Abbas has accused Israel of "piracy" after it withheld customs revenues it collects on the Palestinians' behalf, citing months of utilities bills Ramallah owes Israeli companies.

The financial crisis has forced the Palestinian Authority to delay salary payments to West Bank employees, who have gone on strike in protest. Abbas has responded by saying he might give up power and compel Israel to take on the Palestinians' affairs.

Reuters and AP contributed to the report

+972′s Person of the Year: The Settler - A Far Left Blog Gets it Right on Settlers

Source: Israepundit
By Lisa Goldman and Mairav Zonszein
Submitted by Dan Friedman, NYC

+972′s Person of the Year: The Settler

This is a well researched article published by a far left Blog. I believe it is accurate and fair with one exception, it refers to settlements as illegal under international law. But the bottom line is the settler movement has won. The remaining power of the left elite in media, army, Knesset, judiciary, is waning and they know it. Ted Belman. H/T Curious American

+972 Magazine

The settlement movement registered major victories this year on various fronts. Its representatives are reaching new heights in politics, the judiciary and the media. One out of five residents east of the Green Line is a settler.The expansion of settlements continues unabated, and – most importantly – settlers are in full control of the Israeli national narrative. In 2012, as more and more observers declared the death of the two-state solution, the settler became the new normal.

For decades, the settler movement and Israel’s secular, largely Ashkenazi urban elite have been playing a game of “pretend.” The secular political elite claimed the settlers were religious ideologues, obstacles to peace and not representative of mainstream Israeli society. The settlers, meanwhile, charged that an effete minority ruling class ignored their contributions and commitment to the state.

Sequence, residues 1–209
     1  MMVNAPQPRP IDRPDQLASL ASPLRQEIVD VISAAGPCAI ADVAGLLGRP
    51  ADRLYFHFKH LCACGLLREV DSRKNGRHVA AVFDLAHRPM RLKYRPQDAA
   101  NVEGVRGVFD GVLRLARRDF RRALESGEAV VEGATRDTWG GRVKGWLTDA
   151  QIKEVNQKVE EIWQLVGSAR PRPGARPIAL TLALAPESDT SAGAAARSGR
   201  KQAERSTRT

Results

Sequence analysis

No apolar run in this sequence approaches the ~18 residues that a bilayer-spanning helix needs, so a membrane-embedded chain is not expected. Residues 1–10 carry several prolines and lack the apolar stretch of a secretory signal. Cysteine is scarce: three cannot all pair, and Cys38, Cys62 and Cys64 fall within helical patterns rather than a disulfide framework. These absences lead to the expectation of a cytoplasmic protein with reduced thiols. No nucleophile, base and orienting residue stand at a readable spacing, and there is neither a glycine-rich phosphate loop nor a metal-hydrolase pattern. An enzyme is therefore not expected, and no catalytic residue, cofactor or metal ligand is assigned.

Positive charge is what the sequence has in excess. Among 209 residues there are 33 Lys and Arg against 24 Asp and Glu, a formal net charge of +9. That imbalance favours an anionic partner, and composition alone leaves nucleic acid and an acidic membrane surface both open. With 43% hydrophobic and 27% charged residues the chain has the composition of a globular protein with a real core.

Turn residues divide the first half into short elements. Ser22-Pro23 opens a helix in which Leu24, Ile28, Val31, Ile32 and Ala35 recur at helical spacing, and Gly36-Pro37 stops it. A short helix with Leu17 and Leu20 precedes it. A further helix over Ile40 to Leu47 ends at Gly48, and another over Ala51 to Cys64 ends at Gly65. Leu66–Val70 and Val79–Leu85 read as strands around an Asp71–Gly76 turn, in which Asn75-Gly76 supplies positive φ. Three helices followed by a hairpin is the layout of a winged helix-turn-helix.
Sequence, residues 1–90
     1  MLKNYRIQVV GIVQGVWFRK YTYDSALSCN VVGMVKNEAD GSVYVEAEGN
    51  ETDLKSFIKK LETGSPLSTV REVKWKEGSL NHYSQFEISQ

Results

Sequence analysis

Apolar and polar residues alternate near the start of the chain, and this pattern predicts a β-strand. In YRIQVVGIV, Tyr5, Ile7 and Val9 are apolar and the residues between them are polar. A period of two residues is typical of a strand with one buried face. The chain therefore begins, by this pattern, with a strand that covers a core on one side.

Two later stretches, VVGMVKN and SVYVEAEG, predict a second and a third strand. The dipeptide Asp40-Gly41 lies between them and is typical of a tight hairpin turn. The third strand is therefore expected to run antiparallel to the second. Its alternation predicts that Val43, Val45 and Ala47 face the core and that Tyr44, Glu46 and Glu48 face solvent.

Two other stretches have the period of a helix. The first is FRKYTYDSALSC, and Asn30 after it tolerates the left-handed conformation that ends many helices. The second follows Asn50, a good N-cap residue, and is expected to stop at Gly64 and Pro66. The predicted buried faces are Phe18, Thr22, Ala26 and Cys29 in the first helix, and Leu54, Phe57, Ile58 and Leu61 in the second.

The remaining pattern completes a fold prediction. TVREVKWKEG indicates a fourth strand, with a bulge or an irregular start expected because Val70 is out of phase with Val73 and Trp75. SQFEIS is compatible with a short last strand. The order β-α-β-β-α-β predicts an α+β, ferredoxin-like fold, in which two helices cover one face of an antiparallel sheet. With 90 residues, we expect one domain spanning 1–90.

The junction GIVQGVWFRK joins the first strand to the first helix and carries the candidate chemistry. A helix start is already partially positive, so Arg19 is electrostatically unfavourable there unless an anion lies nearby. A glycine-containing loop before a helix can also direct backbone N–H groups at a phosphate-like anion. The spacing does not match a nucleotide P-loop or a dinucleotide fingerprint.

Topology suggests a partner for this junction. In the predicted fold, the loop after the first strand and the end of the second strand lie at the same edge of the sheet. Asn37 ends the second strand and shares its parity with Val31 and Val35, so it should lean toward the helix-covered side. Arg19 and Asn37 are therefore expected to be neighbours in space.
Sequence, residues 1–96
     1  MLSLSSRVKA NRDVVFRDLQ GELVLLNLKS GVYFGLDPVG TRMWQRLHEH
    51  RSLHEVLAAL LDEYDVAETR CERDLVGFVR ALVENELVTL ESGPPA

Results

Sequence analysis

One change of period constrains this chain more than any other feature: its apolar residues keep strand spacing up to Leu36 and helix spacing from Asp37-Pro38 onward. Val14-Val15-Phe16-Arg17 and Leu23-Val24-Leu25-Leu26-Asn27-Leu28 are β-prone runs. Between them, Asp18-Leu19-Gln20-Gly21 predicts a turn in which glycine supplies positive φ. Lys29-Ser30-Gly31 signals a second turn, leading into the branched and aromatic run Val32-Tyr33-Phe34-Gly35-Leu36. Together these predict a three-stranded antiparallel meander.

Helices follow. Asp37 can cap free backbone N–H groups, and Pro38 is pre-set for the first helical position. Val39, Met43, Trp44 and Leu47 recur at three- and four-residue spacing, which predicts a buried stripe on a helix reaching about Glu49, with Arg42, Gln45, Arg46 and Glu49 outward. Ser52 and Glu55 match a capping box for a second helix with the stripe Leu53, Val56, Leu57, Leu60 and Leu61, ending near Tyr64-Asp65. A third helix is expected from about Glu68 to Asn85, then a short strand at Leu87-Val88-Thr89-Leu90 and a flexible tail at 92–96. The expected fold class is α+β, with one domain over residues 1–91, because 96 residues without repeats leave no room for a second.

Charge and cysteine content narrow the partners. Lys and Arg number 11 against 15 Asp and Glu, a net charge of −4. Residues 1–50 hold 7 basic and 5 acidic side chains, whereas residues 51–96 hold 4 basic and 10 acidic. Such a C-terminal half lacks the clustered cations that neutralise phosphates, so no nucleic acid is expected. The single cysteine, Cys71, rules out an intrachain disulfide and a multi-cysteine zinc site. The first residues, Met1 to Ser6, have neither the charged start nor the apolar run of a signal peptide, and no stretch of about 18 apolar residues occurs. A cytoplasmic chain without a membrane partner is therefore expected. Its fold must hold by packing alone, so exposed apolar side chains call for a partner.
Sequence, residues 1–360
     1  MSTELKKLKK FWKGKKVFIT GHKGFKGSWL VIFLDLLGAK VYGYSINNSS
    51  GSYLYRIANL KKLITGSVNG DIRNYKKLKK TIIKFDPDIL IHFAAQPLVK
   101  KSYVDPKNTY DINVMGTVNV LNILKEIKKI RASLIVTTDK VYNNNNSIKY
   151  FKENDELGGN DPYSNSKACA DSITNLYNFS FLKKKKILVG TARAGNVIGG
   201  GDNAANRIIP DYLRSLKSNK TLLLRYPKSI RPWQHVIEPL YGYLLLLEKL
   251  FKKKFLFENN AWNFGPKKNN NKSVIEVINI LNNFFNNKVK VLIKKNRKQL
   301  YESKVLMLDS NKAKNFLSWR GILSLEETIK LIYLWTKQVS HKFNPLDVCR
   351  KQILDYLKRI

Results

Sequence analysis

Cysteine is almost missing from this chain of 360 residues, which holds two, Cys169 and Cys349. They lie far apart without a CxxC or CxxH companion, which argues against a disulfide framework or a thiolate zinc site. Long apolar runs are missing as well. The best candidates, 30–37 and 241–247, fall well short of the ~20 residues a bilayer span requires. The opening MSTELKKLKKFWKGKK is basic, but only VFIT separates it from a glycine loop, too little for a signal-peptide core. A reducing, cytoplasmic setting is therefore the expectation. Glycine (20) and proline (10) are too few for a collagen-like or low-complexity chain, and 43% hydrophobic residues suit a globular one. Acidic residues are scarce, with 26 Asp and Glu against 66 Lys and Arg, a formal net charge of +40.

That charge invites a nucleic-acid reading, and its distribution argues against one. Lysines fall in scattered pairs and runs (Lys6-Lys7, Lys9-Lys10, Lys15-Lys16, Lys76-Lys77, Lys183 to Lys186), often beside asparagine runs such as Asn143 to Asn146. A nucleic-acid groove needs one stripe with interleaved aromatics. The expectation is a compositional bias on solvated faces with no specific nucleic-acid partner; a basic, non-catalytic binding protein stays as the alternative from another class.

But all the while, successive governments headed by secular, purportedly liberal leaders tacitly expedited settlement growth even as the secular, purportedly liberal judiciary handed down rulings that effectively sanctioned settlements, which are built in contravention of international law. The settlers, meanwhile, became increasingly confident as they rose to occupy important positions at the highest levels of the state’s key institutions – the legislative branch (Knesset), the executive branch (the governing coalition), the judiciary and the army.

In 2012, the game became reality: The settlers are the new ruling elite of Israel.

According to all the polls, Israelis will elect an unprecedented number of Members of Knesset (MKs) from far-right parties, even as Likud’s relative moderates have been ousted and replaced by settlers and ex-settlers with radical political agendas.

A settler was appointed to the Supreme Court in 2012, while a former justice declared that the West Bank was not actually occupied territory.

Israel’s fourth estate, too, is partly “occupied” by the settlers. This year, Shlomo Ben-Zvi, a far-right publisher and settler who owns the frankly nationalist daily Makor Rishon, bought Maariv – one of Israel’s three veteran daily newspapers. While Maariv took a right-of-center editorial line in recent years, for decades it was Yedioth Ahronoth’s chief competitor for the title of Israel’s most mainstream daily newspaper.

Throughout the year, over and over, settler violence – price tag attacks on Palestinian property, unprovoked violence against Palestinians, even flat-out murder – has gone unpunished. Worse, it rarely elicits public condemnation or even, except for a few high-profile incidents, extensive media coverage.

The settlers have influenced the national narrative to the point that politicians who talk about peace, the two-state solution and negotiations risk becoming irrelevant.